British politics are usually retrograde, which is no less true in the context of the crypto industry. The reverse policy means that the UK cryptosystem sometimes lags behind its competitors, which could ultimately make the UK a less attractive place to do cryptocurrency business.

Former CryptoUK President Iqbal Gandham, in an April letter to the British Parliament’s Treasury Committee, noted that while “the UK has great potential to become a global leader in cryptocurrencies, the lack of regulatory direction is stifling industry innovation.

In fact, it wasn’t until last year that the FCA published its final Crypto Asset Guidelines, and it was only this year that it was announced that prominent cryptocurrency-related businesses in the UK must register with the FCA and any new digital currencies. Companies created after this date will not be able to operate if they are not registered.

The new registration requirements were introduced following the recent changes to the 2017 money laundering, terrorist financing and remittance (payer information) regulations known as MLR. The explanatory note to the MLR rules states that the purpose of the legal instrument is to comply with the European Commission’s Anti-Money Laundering Directive, or AMLD, which states:

“Strengthen the effective implementation of legal, regulatory and operational measures to combat money laundering, terrorist financing and other relevant threats to the integrity of the international financial system.”
The implementation of the new changes has resulted in the FCA being designated as the official regulatory body that monitors cryptoactivity and makes it responsible for realizing the MLR goal.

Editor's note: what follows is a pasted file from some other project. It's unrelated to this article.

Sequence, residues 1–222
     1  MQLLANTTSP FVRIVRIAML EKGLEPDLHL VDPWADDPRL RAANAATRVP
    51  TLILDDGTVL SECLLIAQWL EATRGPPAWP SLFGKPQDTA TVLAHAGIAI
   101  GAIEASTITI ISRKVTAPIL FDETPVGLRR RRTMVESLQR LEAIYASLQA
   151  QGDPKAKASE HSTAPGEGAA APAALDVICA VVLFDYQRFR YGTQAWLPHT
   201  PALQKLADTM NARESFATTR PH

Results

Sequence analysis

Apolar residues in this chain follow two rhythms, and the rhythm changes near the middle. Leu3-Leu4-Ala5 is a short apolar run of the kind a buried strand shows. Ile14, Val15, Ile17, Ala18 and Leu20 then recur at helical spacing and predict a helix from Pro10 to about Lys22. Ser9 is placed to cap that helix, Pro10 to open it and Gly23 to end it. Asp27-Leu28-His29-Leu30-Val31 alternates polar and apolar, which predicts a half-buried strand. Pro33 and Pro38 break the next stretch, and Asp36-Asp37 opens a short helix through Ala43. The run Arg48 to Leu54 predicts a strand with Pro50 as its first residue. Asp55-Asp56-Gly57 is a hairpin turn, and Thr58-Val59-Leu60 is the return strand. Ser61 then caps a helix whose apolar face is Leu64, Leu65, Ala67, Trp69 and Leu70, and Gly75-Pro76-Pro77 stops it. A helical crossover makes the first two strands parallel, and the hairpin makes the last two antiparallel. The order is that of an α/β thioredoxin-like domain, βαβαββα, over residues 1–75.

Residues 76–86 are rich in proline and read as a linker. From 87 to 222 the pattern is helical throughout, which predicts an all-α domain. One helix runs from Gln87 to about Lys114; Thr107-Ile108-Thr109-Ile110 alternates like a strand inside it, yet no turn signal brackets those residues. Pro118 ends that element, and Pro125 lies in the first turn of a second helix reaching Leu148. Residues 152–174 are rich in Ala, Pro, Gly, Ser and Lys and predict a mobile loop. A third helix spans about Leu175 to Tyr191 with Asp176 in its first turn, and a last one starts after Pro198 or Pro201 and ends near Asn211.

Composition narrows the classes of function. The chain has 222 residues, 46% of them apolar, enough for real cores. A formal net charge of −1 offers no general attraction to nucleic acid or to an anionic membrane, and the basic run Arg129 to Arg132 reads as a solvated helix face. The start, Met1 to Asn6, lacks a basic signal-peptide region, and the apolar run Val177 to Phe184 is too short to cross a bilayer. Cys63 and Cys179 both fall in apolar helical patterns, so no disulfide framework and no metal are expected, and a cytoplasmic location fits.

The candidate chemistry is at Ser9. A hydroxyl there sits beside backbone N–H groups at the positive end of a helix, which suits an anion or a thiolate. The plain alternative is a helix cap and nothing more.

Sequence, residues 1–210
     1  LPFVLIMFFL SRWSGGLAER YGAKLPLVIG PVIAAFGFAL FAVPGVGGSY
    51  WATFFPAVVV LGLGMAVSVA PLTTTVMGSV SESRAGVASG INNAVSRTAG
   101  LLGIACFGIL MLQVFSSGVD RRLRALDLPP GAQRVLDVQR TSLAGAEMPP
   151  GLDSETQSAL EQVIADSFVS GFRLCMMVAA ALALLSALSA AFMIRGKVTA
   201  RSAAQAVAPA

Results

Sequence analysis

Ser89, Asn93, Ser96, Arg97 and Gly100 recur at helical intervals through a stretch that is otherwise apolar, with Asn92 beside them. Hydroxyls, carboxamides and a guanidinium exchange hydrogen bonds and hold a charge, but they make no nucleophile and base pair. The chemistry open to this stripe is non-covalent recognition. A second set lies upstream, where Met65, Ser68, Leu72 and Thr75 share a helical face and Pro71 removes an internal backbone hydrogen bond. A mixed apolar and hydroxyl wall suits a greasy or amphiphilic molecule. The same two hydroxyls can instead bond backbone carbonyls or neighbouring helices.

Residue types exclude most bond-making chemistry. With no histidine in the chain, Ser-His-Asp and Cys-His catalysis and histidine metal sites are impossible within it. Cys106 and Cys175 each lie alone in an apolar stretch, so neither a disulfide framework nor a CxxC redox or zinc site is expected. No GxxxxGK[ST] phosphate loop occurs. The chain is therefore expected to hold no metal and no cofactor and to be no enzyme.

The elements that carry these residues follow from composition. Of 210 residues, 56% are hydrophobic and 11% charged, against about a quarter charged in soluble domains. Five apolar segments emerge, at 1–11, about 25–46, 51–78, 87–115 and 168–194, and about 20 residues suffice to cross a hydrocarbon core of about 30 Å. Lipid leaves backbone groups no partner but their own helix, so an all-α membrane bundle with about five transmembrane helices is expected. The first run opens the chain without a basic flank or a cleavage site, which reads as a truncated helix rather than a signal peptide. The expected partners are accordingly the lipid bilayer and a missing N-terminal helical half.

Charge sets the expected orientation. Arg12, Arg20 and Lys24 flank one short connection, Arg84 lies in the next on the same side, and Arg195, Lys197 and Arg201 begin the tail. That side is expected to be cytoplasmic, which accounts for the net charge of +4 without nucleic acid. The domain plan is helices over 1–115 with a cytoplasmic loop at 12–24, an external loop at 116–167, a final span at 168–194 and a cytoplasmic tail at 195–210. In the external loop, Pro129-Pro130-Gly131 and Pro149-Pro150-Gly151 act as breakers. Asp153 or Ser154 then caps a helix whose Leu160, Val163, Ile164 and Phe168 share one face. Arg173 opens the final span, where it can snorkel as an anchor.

The obligation to register with the Financial Conduct Authority (FCA) seems like a positive step towards greater regulatory clarity in the UK, but what happens after registration? What can we learn from other jurisdictions?

Lessons from Japan?
Crypto companies that are required to register with the FCA must comply with a wide range of current obligations as described in the MLR. It is interesting to note, however, that reporting obligations under the instrument seem relatively vague – in contrast to Japanese legislation.

After Mt. The Gox Scandal In 2014, the Japanese government quickly drew up new regulations for the cryptocurrency industry. By 2017, the Payment Services Act, or PSA, had been amended not only to provide a legal definition of cryptocurrency, but also to fulfill legal obligations across all cryptocurrency exchanges.

The implementation of the new rules required cryptocurrency exchanges to be registered with a competent local financial office, which led to supervisory obligations by the Japan Financial Services Agency (FSA). According to the PSA, crypto companies are required to maintain financial records for all cryptocurrency transactions, and annual reports must be sent to the Financial Services Authority.

While the MLR seems a bit vague about the reporting rules of crypto companies, the impact of the new adjustments in theory should mean that companies involved in crypto activities can now be identified as FCA regulated entities. If this is the case, then it would be reasonable to assume that crypto companies registered with the FCA should follow the current broad guidelines available to FCA regulated companies, which include a requirement to submit an annual report on financial crimes to the FCA and a reporting obligation. suspicious activity. …

However, it is important to note that the key word here is “directive” and not a legal obligation. The guidance is usually open to interpretation and raises questions of regulatory clarity, especially regarding reporting obligations for crypto units in the UK.

Source: CoinTelegraph

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